Top 10 Things Your Boss Wishes You Knew about Dashboards

The importance of data has reached an unimaginable height in recent years. Data is used everywhere across industries to understand the market, meet consumer demand, identify preferences, and ultimately make better business decisions.

One of the best ways to take advantage of data is to display it visually with tools like FusionCharts.

Data comes in various sizes and formats, and they are meaningless without proper analysis. Visualization is the visual presentation of data to extract meaningful information.

This data visualization is often done through a dashboard that allows users to engage with data via objects such as tables, data charts, and graphs.

Let’s discuss the top 10 things that every dashboard creator should know.

Top 10 Things Your Boss Wishes You Knew about Dashboards

1. How to Use Dashboards in Data-Driven Decision Making

Data analysts, engineers, scientists, and anyone involved in the business intelligence and analytics fields will have the necessary knowledge, experience, and toolset to extract meaningful information from raw data. Yet, for others, raw data will be just a jumbled collection of letters and numbers.

An interactive dashboard is one of the most intuitive ways to present data. So let’s assume you are keeping track of all the purchases made by your consumers.

You can visualize this data to gain information on consumer spending habits, popular products, services, demographics, and more.

This information is presented via an interactive dashboard with properly visualized charts and graphs. You can then present them to managers to aid in informed business decision-making.

Any user can interact with the data presented in the dashboard to search, filter, and sort data and obtain the necessary information.

This ability enables them to gather valuable information that directly correlates to business outcomes, such as stocking more popular products, creating targeted marketing campaigns for specific demographics, and managing inventory using purchasing habits.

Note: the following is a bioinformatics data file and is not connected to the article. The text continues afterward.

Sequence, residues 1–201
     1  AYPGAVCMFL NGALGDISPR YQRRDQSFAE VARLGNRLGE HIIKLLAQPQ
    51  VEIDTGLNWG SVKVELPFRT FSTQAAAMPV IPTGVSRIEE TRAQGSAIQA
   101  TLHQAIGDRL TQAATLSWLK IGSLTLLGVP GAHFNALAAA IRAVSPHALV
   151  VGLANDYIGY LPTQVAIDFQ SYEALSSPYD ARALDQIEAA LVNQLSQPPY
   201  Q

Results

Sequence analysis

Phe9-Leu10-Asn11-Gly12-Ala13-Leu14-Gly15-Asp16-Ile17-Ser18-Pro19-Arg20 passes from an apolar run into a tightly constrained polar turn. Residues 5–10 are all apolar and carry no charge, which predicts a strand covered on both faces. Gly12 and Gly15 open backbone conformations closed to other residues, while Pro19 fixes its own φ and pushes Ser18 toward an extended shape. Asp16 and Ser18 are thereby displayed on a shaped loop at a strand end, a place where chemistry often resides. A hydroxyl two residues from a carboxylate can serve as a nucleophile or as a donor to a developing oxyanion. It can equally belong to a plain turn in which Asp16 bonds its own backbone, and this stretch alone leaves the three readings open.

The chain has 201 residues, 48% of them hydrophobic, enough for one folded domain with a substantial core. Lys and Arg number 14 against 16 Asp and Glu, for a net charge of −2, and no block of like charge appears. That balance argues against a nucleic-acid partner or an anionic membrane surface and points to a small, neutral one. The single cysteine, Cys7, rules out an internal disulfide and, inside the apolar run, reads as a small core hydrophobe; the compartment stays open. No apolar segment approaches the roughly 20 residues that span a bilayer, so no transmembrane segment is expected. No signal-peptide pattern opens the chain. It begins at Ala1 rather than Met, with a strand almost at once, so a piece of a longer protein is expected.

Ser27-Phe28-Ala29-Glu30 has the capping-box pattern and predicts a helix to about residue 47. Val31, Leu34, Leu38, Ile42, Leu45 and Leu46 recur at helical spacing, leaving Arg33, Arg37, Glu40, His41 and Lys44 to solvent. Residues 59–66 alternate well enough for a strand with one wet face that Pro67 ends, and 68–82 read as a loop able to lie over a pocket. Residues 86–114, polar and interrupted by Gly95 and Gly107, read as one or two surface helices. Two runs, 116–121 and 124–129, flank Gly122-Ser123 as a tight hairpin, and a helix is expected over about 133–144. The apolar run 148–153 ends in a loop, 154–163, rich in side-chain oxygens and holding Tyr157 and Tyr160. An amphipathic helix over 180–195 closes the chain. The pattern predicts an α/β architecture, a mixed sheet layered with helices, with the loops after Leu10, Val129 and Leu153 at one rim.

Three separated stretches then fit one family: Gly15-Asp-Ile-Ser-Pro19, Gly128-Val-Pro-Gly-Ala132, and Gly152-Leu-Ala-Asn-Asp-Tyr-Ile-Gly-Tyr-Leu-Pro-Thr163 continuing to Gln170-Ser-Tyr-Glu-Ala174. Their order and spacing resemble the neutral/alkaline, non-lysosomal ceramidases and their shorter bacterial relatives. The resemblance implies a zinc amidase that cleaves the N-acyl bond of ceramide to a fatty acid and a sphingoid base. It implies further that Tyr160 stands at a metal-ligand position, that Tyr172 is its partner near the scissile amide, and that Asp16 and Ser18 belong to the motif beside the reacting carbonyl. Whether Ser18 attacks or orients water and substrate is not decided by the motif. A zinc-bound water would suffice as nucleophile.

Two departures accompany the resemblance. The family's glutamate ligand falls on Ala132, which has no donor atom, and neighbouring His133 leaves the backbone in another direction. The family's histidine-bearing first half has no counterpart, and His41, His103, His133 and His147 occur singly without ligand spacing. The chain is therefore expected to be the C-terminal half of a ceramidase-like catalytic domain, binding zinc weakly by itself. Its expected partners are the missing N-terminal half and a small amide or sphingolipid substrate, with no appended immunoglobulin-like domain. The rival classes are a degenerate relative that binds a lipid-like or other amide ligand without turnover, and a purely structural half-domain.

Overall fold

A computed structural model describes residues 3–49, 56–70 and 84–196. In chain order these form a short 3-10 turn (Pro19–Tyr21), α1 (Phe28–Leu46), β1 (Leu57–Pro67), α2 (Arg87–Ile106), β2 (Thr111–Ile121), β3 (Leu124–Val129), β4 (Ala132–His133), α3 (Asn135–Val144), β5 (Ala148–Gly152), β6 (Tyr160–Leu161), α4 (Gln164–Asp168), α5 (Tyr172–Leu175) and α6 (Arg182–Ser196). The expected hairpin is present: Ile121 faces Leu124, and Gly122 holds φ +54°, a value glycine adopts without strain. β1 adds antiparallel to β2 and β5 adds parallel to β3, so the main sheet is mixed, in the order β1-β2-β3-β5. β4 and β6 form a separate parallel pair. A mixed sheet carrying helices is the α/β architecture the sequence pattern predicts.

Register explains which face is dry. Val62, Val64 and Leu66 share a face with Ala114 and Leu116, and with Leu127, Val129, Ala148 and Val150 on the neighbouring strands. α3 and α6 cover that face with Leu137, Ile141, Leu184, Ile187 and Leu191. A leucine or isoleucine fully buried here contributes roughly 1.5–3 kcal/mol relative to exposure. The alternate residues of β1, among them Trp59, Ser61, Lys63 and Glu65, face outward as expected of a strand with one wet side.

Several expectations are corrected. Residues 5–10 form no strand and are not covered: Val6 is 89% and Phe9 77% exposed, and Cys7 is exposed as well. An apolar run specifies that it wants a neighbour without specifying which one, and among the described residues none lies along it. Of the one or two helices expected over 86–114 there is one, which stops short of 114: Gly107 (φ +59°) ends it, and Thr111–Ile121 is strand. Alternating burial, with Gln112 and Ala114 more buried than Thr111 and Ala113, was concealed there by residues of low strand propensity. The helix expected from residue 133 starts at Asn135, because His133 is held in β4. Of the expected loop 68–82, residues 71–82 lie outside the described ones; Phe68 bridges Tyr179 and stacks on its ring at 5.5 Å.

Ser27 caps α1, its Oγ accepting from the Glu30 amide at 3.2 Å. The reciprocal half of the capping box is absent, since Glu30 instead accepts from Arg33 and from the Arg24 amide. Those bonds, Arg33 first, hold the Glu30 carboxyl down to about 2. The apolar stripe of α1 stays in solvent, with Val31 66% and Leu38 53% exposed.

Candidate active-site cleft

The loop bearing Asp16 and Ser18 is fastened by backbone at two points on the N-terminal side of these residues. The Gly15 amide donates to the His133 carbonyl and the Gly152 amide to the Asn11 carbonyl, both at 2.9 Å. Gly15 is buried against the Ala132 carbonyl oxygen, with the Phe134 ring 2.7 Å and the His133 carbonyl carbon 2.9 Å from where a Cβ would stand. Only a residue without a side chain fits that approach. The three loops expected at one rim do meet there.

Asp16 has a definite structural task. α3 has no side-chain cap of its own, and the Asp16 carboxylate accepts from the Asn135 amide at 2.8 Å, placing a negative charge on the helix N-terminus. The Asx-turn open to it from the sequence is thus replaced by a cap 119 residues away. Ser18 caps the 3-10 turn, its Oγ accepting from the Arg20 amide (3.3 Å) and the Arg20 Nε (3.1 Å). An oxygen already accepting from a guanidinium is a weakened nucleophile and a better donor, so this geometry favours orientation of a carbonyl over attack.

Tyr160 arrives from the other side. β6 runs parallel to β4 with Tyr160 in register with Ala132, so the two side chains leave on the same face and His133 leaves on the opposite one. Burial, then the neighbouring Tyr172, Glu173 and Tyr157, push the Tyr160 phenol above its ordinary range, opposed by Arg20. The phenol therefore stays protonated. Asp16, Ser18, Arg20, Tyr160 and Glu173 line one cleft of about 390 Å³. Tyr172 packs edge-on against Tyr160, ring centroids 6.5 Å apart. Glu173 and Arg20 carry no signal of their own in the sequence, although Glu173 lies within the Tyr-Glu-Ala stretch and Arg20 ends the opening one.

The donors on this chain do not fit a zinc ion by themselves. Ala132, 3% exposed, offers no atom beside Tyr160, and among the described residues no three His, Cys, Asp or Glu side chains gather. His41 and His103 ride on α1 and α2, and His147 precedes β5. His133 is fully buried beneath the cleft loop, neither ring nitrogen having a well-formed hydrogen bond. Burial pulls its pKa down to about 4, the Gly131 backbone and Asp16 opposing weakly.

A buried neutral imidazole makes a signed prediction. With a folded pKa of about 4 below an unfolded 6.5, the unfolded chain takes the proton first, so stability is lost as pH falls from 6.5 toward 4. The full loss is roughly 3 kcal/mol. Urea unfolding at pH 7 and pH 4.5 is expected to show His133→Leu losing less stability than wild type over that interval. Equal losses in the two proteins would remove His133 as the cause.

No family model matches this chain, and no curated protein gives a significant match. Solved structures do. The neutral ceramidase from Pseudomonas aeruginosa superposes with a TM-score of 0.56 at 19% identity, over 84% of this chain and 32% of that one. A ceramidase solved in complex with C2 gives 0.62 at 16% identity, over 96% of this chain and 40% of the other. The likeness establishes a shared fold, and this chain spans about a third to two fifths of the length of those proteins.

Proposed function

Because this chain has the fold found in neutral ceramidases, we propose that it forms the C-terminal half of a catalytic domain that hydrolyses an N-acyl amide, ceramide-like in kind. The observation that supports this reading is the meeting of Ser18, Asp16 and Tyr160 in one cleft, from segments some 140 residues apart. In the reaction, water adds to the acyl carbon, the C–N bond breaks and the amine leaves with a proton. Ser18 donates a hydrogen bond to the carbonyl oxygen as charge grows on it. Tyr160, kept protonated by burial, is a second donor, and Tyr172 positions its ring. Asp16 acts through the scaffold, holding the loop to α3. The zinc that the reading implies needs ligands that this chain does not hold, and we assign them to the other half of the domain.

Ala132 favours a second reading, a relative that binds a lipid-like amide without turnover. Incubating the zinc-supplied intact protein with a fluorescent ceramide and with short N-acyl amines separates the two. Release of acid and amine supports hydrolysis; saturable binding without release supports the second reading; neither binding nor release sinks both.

This information facilitates data-driven decision-making from the stakeholder level to daily operations throughout the organization.

2. Understand the Audience

The developers need to understand the audience to whom a dashboard will cater when creating it. The data points and visualizations will change depending on the audience.

For example, in an e-commerce platform, user purchase data such as IP addresses, device types, and operating systems will be more exciting fields for a technical audience.

Moreover, they should have the ability to query almost all the information about the purchases from the dashboard.

On the other hand, the more valuable data for a non-technical audience like the marketing department will be popular product information, user demographics, and so on.

Thus, dashboards should be built to cater to the needs of the specific target audience. It’s perfectly acceptable to construct multiple dashboards from the same data set even if they present the same data in different ways or categorizations.

3. Avoid Charts that Overload Your Dashboard

A dashboard should be easily accessible without waiting for the data to be populated.

The primary reason for performance issues is visualizations that overload the dashboard.